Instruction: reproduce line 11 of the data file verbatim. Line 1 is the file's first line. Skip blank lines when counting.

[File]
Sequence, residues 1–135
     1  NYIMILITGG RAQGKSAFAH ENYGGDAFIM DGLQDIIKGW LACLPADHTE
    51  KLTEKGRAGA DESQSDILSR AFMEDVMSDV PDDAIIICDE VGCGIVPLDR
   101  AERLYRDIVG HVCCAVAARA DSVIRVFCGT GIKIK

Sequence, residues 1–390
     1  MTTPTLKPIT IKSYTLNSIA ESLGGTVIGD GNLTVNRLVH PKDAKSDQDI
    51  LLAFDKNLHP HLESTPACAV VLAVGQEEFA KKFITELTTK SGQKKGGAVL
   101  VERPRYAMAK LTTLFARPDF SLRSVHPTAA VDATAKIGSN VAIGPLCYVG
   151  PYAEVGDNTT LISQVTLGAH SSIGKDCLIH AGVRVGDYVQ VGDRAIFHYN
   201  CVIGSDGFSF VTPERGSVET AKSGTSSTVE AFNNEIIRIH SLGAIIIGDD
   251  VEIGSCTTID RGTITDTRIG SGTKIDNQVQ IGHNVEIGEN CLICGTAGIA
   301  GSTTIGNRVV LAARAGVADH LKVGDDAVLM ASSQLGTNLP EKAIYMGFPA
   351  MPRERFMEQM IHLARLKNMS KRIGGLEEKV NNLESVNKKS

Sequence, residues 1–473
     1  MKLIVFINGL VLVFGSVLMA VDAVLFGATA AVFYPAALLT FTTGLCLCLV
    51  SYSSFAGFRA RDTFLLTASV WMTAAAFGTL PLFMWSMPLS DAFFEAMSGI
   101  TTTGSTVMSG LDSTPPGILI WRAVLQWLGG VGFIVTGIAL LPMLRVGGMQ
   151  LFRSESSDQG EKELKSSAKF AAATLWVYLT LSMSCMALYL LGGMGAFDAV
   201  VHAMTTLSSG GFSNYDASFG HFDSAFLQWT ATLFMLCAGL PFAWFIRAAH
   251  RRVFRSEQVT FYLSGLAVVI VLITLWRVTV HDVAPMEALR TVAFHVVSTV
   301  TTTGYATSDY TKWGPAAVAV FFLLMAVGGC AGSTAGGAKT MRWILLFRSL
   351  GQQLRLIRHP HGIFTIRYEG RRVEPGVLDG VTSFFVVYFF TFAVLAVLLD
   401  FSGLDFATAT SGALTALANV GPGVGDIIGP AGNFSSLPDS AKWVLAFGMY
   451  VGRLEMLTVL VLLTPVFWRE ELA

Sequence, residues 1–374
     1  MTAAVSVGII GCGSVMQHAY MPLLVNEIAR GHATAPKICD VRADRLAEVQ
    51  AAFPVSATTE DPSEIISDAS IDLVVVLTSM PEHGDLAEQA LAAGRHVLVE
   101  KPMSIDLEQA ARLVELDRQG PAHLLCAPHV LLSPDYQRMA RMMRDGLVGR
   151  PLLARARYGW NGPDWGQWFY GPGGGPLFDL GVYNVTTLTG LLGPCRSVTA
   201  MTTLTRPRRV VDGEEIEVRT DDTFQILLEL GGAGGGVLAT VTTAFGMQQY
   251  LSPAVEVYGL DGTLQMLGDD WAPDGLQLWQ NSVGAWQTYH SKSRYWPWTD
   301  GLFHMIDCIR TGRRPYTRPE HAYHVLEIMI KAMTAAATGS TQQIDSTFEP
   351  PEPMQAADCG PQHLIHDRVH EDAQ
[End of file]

   251  VEIGSCTTID RGTITDTRIG SGTKIDNQVQ IGHNVEIGEN CLICGTAGIA